State Jobs Agency Not Serving Northern Wisconsin?

High unemployment counties get little help and the main project has generated just 40 of 665 promised jobs.

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In Hurley, Wis., a truck passes a mural depicting iron ore miners in July 2012. Some residents of Iron and Ashland counties residents hoped a planned iron ore mine would bring more than 700 jobs to the area, but Gogebic Taconite pulled its plan in February 2015. Photo by Lukas Keapproth of the Wisconsin Center for Investigative Journalism.

In Hurley, Wis., a truck passes a mural depicting iron ore miners in July 2012. Some residents of Iron and Ashland counties residents hoped a planned iron ore mine would bring more than 700 jobs to the area, but Gogebic Taconite pulled its plan in February 2015. Photo by Lukas Keapproth of the Wisconsin Center for Investigative Journalism.

Dale Kupczyk, executive director of the Ashland Area Development Corporation, has a system for dealing with applications from Gov. Scott Walker’s job-creation agency, the Wisconsin Economic Development Corp.: “We have to throw them in the trash.”

Kupczyk says WEDC assistance is not of much value to his community. One problem is that companies courting state incentives often require access to a four-lane highway. But Highway 2, which runs through Ashland County, has only two lanes.

He and other critics also say the agency’s tax credit programs “don’t work” because companies in his region are so small that the application process is not worth the effort.

Officials in other northern Wisconsin counties, saddled with high unemployment rates and poverty levels, have similar tales of being ineligible for economic development programs offered by WEDC, a public-private agency created in 2011 by Republican Walker.

In contrast, Dane County, home to economic powerhouse Madison, is receiving a higher amount of assistance  — more than a quarter of total incentives given by WEDC, while it has the lowest unemployment rate in the state at 3.6 percent as of March 2015, and just 9 percent of the total population.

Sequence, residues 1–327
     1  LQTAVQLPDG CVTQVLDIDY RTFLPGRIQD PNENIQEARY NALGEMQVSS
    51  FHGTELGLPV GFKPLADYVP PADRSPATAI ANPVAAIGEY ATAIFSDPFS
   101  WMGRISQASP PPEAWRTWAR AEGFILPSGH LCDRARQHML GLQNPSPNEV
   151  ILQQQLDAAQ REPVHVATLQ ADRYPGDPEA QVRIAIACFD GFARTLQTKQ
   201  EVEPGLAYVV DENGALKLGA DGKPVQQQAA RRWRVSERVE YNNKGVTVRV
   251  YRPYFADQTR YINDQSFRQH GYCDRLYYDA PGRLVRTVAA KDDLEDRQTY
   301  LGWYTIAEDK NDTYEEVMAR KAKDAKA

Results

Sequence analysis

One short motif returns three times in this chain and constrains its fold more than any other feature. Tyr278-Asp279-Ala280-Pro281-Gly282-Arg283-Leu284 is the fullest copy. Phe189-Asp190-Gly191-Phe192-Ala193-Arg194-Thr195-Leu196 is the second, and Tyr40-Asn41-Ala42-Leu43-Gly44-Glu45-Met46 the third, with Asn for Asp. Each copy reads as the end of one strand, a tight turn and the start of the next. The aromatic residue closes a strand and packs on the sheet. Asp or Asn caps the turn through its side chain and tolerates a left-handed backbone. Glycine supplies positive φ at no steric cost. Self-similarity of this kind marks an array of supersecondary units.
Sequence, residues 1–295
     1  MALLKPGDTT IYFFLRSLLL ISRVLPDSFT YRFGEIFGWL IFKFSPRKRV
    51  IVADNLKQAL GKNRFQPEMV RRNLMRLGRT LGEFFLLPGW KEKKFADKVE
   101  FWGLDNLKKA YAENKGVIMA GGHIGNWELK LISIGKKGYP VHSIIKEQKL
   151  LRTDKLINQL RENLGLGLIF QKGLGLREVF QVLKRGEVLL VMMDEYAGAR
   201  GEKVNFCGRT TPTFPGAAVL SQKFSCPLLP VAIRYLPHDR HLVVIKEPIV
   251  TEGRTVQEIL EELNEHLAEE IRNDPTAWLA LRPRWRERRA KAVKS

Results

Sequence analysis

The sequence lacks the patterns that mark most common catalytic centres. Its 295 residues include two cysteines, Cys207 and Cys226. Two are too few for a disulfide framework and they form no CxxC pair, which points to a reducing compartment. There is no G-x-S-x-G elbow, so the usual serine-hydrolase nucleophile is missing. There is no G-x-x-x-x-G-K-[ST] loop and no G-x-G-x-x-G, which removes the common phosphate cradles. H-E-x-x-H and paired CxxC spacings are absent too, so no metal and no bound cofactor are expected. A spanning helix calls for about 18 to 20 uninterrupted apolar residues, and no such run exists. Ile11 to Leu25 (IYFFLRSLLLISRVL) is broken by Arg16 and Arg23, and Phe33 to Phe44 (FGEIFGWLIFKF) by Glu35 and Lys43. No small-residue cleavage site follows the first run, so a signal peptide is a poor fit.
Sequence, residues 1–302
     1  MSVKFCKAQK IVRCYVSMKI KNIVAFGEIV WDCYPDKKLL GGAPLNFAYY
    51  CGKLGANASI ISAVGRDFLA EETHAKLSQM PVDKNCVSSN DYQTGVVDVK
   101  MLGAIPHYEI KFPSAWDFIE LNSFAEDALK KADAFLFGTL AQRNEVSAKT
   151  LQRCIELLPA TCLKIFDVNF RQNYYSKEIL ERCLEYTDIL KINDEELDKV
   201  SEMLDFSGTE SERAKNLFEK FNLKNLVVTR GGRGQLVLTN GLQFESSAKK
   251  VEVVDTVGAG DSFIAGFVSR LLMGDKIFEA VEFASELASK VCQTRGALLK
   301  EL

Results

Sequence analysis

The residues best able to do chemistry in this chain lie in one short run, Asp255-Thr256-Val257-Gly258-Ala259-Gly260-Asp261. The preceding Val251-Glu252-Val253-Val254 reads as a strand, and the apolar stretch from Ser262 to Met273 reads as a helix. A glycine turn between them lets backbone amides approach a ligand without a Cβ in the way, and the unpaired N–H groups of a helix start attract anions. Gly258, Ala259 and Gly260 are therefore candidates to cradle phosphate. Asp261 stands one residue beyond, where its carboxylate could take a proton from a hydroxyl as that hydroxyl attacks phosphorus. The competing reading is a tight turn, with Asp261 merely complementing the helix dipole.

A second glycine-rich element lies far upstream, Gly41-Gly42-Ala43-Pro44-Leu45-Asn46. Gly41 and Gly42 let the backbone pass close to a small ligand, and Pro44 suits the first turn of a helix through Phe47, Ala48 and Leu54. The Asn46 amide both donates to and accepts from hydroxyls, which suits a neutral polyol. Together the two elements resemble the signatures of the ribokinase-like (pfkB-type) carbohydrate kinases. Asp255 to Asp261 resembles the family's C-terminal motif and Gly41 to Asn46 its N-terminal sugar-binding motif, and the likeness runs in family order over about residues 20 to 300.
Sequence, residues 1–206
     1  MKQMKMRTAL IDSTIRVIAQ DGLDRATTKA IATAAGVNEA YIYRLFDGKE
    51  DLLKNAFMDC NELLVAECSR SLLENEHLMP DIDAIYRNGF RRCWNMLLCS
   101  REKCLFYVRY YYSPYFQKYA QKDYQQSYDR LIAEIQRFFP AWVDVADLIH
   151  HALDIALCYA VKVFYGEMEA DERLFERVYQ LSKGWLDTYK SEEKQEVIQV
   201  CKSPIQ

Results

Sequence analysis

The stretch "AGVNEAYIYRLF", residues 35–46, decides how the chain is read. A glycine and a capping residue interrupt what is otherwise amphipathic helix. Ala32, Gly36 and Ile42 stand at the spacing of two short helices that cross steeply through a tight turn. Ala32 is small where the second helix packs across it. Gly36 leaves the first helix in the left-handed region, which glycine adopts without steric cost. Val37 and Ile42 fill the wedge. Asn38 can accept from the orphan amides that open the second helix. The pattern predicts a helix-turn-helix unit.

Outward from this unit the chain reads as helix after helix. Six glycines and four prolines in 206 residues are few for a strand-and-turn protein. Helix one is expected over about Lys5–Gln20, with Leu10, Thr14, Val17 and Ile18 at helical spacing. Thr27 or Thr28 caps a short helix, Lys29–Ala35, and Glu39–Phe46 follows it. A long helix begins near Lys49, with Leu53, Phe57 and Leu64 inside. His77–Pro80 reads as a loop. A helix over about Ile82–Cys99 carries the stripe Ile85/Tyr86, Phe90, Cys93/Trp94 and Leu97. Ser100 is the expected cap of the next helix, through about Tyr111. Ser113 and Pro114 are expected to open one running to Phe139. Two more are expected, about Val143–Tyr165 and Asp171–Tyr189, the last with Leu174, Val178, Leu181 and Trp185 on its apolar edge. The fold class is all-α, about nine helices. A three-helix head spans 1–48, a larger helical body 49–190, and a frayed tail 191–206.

Zamira Simkins, a University of Wisconsin-Superior economics professor, calls the northern region’s economy a “classic underdevelopment situation.” She says an economy based on natural resources, like northern Wisconsin, leads to less valuable industries with lower-paying jobs.

“It’s sort of a vicious cycle,” Simkins says.

Northern counties are also receiving proportionally less help. For WEDC purposes, northern Wisconsin includes Ashland, Bayfield, Burnett, Douglas, Florence, Forest, Iron, Oneida, Price, Rusk, Sawyer, Vilas and Washburn counties.

Collectively, these 13 counties account for about 3.9 percent of the state’s population and 2.7 percent of WEDC incentives.

Chanel Youngs mans an empty store in Hurley, Wisconsin in July 2012. With more young people leaving northern Wisconsin because of the lack of job opportunities, local economic development leaders are trying to find solutions to keep their workforce. Photo by Lukas Keapproth of the Wisconsin Center for Investigative Journalism.

Chanel Youngs mans an empty store in Hurley, Wisconsin in July 2012. With more young people leaving northern Wisconsin because of the lack of job opportunities, local economic development leaders are trying to find solutions to keep their workforce. Photo by Lukas Keapproth of the Wisconsin Center for Investigative Journalism.

The disparity might not seem dramatic. But a Wisconsin Center for Investigative Journalism analysis shows that three-quarters of the total WEDC investment in the region from July 2011 to December 2014 has been poured into a single project, which appears to be at a standstill.

Kestrel Aircraft, which received $22 million in incentives, promised to hire 665 people by 2017, according to WEDC contracts from 2012. Three years in, the company employs 40 people in Superior and has not yet broken ground on a planned manufacturing plant. It recently merged with New Mexico aircraft company Eclipse.